Back in late-2011, I wrote a piece that revisited “Twenty One.” This isn’t as an extensive a postmortem.
“Twenty One” was the first real short story that I’d written in many years. I wrote the story years after a tremendously important and fun short story class that I took at Seneca College. And the story would inaugurate an almost unbroken stretch of creative writing from 2010 to 2012.
It was a “real” short story, because, as opposed to everything that I’ve written since then, the story adhered to many of the conventions of what we refer to as a “short story,” e.g. little or no character development, very few characters, a single mood, and taut prose…
Elements: The protagonist, a young and intelligent university graduate, entered the story exactly where she would leave it: in front of a computer screen thinking about what to reveal onto her blog. And she was no short supply of revelations from the collapse of her engagement, to months of unemployment in the aftermath of the Great Recession, to being forced to move back home with her parents. The struggle of young adults in Toronto, even before the G20 Protests, which was passing event, was tough and extremely taxing on both body, mind, and soul.
Variations: I wrote at least three distinct versions of the story. In the first version that I wrote, Claire, the protagonist, remained depressed and aimless though she had permanently severed all ties with her ex-fiance. In the second revision, I added the social media aspect, that dominates our lives today from reaching out to friends to getting a job, and that I would further explore in That Lost Summer. In the third revision, I maintained the protagonist’s depressed mood but gave her a slight realization that she was just cresting over the wave and that she was on her way towards becoming a new person unfettered by the past.
Empirical Dimensions: Hemingway declared that writers should write what they knew, and following this dictum, everything in “Twenty One,” minus the fictional characters, exists or existed in real life in the Beaches and Leslieville neighbourhoods of Toronto. The sea glass under the boardwalk was real. The simmering heat that emanated from the pavement like a hot steam iron or a grill was real. And the terrible beach sand, that bears no resemblance to the sand found in vacation commercials, was real too. Yes, I had to fabricate certain things, like the name of a bar that was demolished before I wrote the story but that stuck in my mind. But details or details and expressions are expressions. And expressions are what readers want when they want to learn, when they want to be surprised.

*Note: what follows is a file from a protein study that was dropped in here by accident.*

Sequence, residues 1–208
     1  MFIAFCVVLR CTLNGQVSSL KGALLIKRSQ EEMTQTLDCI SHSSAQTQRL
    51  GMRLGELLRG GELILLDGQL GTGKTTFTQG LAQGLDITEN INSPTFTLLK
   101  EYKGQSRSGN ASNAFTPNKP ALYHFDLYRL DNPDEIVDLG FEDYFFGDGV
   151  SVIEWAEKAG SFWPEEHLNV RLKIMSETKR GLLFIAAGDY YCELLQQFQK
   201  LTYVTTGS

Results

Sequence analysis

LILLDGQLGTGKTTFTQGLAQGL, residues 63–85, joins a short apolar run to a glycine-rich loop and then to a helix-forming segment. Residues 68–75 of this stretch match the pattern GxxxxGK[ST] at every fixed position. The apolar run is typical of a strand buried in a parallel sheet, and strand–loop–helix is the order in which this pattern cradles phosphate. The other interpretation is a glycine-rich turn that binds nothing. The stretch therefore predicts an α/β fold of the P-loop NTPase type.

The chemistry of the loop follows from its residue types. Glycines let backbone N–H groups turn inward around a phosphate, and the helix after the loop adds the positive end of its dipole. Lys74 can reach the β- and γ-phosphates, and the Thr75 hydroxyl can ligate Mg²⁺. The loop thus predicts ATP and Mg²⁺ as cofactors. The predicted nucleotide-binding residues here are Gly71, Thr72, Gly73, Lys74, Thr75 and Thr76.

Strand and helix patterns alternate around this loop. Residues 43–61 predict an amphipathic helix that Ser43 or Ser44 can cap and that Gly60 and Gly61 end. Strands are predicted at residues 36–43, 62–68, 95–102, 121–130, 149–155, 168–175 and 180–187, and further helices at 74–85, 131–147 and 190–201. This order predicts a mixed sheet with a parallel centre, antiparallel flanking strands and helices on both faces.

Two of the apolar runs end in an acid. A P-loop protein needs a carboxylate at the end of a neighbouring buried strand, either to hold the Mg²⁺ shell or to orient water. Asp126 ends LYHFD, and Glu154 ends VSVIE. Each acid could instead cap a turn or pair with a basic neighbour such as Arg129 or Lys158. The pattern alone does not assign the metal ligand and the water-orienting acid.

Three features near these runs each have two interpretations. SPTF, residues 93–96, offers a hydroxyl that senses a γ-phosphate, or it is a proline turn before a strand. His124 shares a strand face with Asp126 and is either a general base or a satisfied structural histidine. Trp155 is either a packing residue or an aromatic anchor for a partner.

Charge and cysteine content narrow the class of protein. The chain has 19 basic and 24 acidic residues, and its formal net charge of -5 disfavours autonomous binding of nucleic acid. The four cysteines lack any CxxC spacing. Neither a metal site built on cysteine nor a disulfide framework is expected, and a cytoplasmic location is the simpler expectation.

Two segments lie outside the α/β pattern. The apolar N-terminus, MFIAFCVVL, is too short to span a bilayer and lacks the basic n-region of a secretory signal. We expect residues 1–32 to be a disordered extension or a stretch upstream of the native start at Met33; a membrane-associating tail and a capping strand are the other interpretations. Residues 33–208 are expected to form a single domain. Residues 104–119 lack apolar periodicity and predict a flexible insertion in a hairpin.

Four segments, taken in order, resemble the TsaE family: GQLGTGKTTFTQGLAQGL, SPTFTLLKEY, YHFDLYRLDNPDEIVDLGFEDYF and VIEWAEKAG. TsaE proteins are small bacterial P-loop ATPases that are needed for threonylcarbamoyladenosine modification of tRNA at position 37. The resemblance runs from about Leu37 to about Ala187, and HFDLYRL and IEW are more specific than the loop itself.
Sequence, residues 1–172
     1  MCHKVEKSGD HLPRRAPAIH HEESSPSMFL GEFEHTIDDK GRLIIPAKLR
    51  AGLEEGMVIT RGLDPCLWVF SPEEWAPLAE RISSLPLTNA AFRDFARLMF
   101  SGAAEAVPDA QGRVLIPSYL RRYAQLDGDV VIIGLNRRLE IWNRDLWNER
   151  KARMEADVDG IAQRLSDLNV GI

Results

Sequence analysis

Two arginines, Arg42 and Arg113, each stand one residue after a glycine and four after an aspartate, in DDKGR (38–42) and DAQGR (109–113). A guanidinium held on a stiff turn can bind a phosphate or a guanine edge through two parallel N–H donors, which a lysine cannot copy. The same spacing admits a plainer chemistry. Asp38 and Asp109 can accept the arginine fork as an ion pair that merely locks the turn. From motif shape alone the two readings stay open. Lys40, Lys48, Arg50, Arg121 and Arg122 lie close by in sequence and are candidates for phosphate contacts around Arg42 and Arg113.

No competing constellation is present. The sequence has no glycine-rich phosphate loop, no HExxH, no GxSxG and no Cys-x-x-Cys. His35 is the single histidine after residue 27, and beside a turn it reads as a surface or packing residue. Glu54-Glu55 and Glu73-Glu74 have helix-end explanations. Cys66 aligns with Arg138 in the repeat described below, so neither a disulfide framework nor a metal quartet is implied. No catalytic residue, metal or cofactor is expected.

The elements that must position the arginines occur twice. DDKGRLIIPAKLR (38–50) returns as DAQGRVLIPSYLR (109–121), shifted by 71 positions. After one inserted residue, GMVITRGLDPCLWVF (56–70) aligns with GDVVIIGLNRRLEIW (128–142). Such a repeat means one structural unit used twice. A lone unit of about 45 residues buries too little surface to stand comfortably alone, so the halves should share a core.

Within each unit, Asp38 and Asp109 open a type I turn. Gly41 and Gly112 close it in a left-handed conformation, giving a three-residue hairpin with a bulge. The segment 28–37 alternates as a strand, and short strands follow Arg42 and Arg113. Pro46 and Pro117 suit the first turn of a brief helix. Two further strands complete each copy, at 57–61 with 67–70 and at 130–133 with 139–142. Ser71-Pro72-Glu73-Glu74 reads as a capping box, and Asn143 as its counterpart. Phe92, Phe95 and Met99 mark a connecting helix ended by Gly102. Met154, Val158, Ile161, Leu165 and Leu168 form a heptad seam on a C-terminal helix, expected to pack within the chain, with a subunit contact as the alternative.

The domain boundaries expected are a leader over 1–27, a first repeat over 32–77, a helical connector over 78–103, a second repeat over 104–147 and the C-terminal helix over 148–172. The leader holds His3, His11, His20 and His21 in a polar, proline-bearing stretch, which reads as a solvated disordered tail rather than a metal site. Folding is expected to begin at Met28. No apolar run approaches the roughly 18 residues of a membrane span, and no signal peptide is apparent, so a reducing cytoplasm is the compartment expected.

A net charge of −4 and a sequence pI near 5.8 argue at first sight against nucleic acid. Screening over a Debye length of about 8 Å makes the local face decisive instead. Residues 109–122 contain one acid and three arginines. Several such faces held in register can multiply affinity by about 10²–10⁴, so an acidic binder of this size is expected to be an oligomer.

Offspring: Though I lost my creative writing database, when my primary hard drive died last month, I can make rough guesses about what writing this brief short story led to.
- “In Snow Country,” written months after “Twenty One,” was a reaction towards the limits of the modern short story and a return to the writings of Jack London that I’d read in grade school.
- That Lost Summer was essentially about a thirtysomething male version of Claire with amnesia who, after a period of depression and injury, attempts to drown himself by rolling his wheelchair off a dock at the Beaches.
- Chapter 2 of Linger, written in Fall 2011, was also set in Leslieville and in the Beaches. In fact, at the end of that chapter, that parodies “Twenty One,” Rachel walks down Woodbine Avenue to the Beaches, the opposite of what Claire did, where in a fit of paranoia she buries her painting.
- “Human,” like “Twenty One,” was also about the disintegration of a relationship and how some guys are jerks, even if they don’t intentionally mean to be.
- Twenty Five, which is a novel-length project that I’d like to write on the quarter-life crisis.